• A built-in EVF with a shorter latency

Now that the main differences between the E-M1 and E-M10 are clear, let’s compare the new camera with the E-M5. Here things get a little bit more complicated.

E-P5, 1/40, f/ 28/10, ISO 200
Guess the differences! :)

What the E-M10 and E-M5 share:

  • The same 16mp Live Mos Sensor
  • Contrast detection AF
  • Same EVF resolution (1,440,000-dot)

Strengths of the E-M5 in comparison to the E-M10:

  • 5 axis stabilisation: the E-M10 IS only works on three axes (it lacks the vertical and horizontal shift axes, more on that later)
  • slightly faster continuous shooting mode (9fps on the E-M5 vs. 8 fps on the E-M10 in AF-S mode)
  • weather-sealed body: the E-M10 body is not weather sealed.

Strengths of the E-M10 in comparison to the E-M5:

  • A newer image processor (True Pic VII instead of VI)
  • No AA filter
  • 81 AF target areas (E-M5 has 35 target areas)
  • Advanced WiFi capabilities
  • A higher speed rate mode for the EVF (120 fps) with Adaptive Brightness Technology (same as the E-M1) and shorter latency
  • An improved button layout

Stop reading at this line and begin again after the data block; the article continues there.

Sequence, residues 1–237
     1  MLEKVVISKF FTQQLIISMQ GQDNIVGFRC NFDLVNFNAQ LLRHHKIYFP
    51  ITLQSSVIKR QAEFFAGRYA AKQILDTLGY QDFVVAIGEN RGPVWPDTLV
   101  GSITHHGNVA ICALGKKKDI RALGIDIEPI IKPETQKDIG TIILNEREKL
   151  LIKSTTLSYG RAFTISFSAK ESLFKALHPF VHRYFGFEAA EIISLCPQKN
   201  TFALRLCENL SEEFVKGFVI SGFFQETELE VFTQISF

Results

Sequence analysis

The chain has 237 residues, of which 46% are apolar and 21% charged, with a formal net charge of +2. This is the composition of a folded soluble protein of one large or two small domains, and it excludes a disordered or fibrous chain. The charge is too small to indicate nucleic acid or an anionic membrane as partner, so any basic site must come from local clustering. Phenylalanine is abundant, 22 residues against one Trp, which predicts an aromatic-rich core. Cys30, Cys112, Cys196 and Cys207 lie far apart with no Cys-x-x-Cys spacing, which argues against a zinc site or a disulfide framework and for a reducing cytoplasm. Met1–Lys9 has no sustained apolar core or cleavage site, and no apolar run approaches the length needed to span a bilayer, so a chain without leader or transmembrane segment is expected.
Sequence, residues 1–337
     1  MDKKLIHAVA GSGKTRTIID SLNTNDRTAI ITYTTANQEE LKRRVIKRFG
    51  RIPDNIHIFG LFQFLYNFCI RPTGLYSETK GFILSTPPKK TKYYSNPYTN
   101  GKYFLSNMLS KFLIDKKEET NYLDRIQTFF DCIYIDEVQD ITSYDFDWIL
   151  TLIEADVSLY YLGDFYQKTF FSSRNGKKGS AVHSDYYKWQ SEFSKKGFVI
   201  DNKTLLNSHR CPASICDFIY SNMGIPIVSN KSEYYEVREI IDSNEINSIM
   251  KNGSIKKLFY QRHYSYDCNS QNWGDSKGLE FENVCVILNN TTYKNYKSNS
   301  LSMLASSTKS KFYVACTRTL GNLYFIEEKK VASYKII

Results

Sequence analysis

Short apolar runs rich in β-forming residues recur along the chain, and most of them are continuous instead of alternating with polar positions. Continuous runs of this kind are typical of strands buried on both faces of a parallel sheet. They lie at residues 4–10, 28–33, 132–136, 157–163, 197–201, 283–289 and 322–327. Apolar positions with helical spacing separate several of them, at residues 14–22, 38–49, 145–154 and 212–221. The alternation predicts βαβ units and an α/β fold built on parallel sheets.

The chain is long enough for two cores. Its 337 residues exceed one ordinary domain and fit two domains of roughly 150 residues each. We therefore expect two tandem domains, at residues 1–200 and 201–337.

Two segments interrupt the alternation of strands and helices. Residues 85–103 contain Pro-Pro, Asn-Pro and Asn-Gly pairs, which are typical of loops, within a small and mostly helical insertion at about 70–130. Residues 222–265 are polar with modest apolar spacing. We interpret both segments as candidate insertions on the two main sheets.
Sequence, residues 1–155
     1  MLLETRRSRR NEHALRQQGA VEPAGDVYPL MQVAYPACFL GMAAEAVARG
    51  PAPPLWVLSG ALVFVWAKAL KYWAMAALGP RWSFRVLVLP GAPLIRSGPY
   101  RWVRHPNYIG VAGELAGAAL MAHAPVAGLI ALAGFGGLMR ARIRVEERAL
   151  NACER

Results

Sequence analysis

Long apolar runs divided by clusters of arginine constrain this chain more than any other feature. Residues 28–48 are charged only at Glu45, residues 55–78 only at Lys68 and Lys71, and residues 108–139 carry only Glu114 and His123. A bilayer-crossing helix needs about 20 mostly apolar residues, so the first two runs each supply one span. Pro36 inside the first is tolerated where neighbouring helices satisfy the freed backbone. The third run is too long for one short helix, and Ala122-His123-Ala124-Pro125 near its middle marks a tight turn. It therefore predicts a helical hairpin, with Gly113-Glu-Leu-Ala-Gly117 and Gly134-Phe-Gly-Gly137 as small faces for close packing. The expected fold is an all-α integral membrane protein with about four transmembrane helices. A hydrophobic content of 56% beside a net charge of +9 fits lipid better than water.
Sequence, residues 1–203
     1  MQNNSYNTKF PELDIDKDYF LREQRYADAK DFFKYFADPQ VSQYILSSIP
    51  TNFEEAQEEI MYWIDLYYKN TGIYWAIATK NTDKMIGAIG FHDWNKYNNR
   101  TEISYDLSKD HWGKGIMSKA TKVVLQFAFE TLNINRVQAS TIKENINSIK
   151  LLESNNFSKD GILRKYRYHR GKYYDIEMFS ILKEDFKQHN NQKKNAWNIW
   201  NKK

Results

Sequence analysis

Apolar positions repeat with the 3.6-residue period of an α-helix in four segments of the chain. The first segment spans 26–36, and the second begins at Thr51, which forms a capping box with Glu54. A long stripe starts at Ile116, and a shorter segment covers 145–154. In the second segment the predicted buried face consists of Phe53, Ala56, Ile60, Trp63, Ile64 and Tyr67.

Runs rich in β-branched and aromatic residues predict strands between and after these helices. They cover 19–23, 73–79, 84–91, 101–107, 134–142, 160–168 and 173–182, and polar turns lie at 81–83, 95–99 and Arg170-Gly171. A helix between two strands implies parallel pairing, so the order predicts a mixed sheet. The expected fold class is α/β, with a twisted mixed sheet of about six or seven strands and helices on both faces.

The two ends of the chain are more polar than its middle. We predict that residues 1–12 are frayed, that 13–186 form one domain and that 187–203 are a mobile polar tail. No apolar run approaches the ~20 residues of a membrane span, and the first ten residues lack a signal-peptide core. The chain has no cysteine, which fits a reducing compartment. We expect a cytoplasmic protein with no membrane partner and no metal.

• A built-in flash

Now that the main differences have been explained, let’s go back and analyse the new features of the OM-D E-M10 and the most important differences between it and the two other OM-D cameras.

Subtle improvements in a smaller package

Design and Ergonomics

E-M5, 1/100, f/ 28/10, ISO 1000
The new E-M10 is smaller than the E-M5.
E-M5, 1/100, f/ 28/10, ISO 800
The E-M10 black version with the black 14-42mm pancake zoom lens

The OM-D E-M10 is slightly smaller than the E-M5 and has a more refined button layout on the rear. Some very minor improvements have been made to the main dials on top and to the overall grip of the camera. Despite the body being slightly smaller, I found the ergonomics and grip very similar to the E-M5. But the improvements to button design and the dials make it nicer to use.

Below you can check out our hands-on video with the camera, where we also show how it differs from the E-M5.

To summarise what is explained in the video, you can also check out a gallery below where we highlight the key differences in each image caption.

New high-speed EVF

While the E-M10 EVF shares the same size and resolution as the one built into the E-M5 (1,440,000-dot), it’s performance is better and also has some unique characteristics. First, it shares the same Adaptive Brightness Technology found on the E-M1. This means that it can reproduce dark and bright scenes more accurately by automatically adjusting its brightness. As a result, it is more natural to adapt to the human eye.

So far, I think that EVF works well but I did notice that it had a tendency to show a more exposed image than the actual result.

However, the newest feature is its high speed capabilities: when enabled in the menu, the new high speed mode brings the frame rate up to 120 fps, which shortens the latency between the scene and what you see in the viewfinder. At 120 fps, the time lag is a mere 0.0007s.